Every year, it seems, spending on mobile marketing is supposed to be poised to take off down the tracks but never seems to get going. Tech media company IDG is betting this is the year it does.
“It's the train that never leaves the station [in the past],” Matthew Yorke, president of IDG Global Solutions, said of mobile marketing. “But that train has left the station, and it's turning into one of those Japanese bullet trains.”
Yorke said IDG expects to double its mobile revenue in its fiscal 2012, which begins Oct. 1. The centerpiece of this effort is the [email protected] program, introduced this month.
[email protected] offers a dozen products and services to help marketers reach customers and prospects via smartphones and tablets. The services include mobile sponsorships of IDG media sites; mobile “partnerzones,” in which marketer content is co-branded near relevant IDG content on smartphones and tablets; and rich-media units placed in iPad magazines.
Marketers such as Hewlett-Packard Co. and Siemens IT Solutions and Services have already used [email protected] offerings in Europe. Yorke said marketers' reaching prospects on their smartphones is now merely a matter of critical mass. He pointed to a recent IDG Global Solutions survey that found that more than two-thirds of the 13,700 respondents in 16 countries use smartphones, and 70% use them to access the Web and mobile applications.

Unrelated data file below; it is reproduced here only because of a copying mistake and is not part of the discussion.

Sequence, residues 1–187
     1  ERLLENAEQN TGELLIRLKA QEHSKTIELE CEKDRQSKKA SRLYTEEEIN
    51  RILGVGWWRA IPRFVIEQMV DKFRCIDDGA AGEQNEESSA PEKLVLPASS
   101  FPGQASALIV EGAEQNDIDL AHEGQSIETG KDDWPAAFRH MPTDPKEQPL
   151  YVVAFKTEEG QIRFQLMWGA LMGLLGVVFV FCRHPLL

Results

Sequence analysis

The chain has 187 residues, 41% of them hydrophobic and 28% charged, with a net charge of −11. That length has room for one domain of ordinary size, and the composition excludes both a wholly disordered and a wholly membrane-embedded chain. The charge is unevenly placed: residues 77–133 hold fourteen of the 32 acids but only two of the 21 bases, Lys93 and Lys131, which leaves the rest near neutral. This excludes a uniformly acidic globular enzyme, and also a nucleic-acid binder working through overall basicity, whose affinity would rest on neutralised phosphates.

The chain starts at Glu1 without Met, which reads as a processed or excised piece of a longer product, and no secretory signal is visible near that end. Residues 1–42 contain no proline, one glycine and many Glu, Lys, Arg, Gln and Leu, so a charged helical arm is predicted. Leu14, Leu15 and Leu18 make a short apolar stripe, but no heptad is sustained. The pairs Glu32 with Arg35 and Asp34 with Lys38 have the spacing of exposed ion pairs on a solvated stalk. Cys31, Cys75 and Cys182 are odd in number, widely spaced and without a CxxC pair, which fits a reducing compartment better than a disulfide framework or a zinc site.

“Mobile is becoming increasingly important to b-to-b,” said David Burnand, who is head of global marketing ooperations for Atos, which recently acquired Siemens IT. “The tech audience are disproportionately high users of smartphones, so we need to be where they source their information. The results that we achieved in our mobile campaign [for Siemens IT] demonstrated that our audience are now using mobile and that good mobile campaigns are able to generate excellent share of voice compared to traditional online advertising.”
Autumn Martin, head of digital at OMG, which worked with HP on its [email protected] campaign, said the use of tablets is beginning to drive the more widespread acceptance of mobile advertising. “IDG is definitely up there as one of the most innovative publishers, and they understand that mobile is increasing in importance from both a user and advertising perspective,” she said.
For its part, IDG is attempting to use [email protected] to do in mobile what it has already done in social media marketing programs, and that is make it a typical part of a marketing program.
IDG's push into social media marketing began in earnest with the introduction of its Amplify ad unit in 2009. Amplify enables users to share the ad and its message with their cohorts on Facebook, LinkedIn and other social sites.